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Child Passenger Safety

Last updated March 17, 2020

Approved by: Subramanian Malaisamy MD, MRCP (UK), FCCP (USA)

National Child Passenger Safety Week focuses public attention on a sobering fact -- motor vehicle crashes are the leading cause of death among children in the U.S. CDC believes that all children deserve to ride safely in motor vehicles -- properly restrained in the back seat. Studies show that many child passengers regularly ride without restraints. CDC recommends stricter enforcement of child safety seat laws, which currently exist in all 50 states. To help communities and parents, CDC monitors trends in child passenger injuries, conducts research to understand risk factors for this age group, and funds and evaluates programs to prevent injuries to children. CDC has conducted systematic reviews of community-based efforts to improve child passenger safety and is currently working to disseminate the findings. More information on their findings can be found at http://www.thecommunityguide.org.


Child Passenger Safety

National Child Passenger Safety Week focuses public attention on a sobering fact -- motor vehicle crashes are the leading cause of death among children in the U.S. CDC believes that all children deserve to ride safely in motor vehicles -- properly restrained in the back seat. Studies show that many child passengers regularly ride without restraints. CDC recommends stricter enforcement of child safety seat laws, which currently exist in all 50 states. To help communities and parents, CDC monitors trends in child passenger injuries, conducts research to understand risk factors for this age group, and funds and evaluates programs to prevent injuries to children. CDC has conducted systematic reviews of community-based efforts to improve child passenger safety and is currently working to disseminate the findings. More information on their findings can be found at http://www.thecommunityguide.org.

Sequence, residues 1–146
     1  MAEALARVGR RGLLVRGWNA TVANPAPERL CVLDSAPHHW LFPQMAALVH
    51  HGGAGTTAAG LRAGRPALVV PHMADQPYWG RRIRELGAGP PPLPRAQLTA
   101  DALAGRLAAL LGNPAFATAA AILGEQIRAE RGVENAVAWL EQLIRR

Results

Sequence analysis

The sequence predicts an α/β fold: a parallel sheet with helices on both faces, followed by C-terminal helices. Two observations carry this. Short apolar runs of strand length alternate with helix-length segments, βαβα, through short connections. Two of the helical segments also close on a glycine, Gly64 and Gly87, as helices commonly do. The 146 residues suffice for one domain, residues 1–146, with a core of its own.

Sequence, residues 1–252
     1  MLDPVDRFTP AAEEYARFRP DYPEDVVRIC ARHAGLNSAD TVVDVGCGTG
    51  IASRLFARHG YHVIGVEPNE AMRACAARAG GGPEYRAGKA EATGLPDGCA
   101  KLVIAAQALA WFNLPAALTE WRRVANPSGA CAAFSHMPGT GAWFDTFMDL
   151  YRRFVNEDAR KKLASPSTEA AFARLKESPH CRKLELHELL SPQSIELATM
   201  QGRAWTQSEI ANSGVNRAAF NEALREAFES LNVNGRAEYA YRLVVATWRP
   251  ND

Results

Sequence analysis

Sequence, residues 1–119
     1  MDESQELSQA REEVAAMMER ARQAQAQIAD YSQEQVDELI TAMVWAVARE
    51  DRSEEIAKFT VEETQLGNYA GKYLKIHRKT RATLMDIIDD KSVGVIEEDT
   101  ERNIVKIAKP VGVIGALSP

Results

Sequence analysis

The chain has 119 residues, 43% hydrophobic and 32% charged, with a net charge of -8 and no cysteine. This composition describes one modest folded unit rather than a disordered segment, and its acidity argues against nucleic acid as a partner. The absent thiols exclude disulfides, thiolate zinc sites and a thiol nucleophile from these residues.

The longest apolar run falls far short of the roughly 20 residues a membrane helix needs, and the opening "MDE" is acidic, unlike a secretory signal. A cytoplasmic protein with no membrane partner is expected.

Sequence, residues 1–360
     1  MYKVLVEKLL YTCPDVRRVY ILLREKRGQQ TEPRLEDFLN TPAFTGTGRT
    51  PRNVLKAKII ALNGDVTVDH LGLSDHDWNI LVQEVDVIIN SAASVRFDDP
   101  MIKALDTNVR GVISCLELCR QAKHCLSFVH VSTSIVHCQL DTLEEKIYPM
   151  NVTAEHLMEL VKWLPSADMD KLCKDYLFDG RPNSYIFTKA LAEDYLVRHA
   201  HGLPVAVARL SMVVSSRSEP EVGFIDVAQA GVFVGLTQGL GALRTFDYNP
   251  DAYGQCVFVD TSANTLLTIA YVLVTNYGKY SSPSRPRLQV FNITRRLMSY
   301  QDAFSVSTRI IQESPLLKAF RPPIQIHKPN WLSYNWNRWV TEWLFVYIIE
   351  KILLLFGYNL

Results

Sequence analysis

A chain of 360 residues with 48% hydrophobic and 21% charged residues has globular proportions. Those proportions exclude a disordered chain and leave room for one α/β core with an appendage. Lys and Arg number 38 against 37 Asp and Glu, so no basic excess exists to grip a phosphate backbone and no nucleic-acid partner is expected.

In 2000, 1283 children ages 0-12 died in motor vehicle traffic crashes, and another 228,619 received injuries requiring emergency department treatment.


All children 12 years old and younger should ride in the back seat. This reduces the risk of fatal injury by more than 30%.


Few states have laws requiring children to be placed in the back seat.


Children who have out grown their child safety seats (usually when they weigh about 40 pounds) should be placed in booster seats. They should continue to ride in booster seats until the lap/shoulder belts in the car fit properly, typically when they are 4'9" tall.

For more information on the MMWR "Notice to Readers" visit http://www.cdc.gov/mmwr/.

For more information on ways to increase child safety seat use: http://www.cdc.gov/ncipc/duip/spotlite/chldseat.htm.

For more information about injuries, visit the CDC's website at: http://www.cdc.gov/ncipc/.

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Materials:


Reviewed and Approved by a member of the DoveMed Editorial Board
First uploaded: March 17, 2020
Last updated: March 17, 2020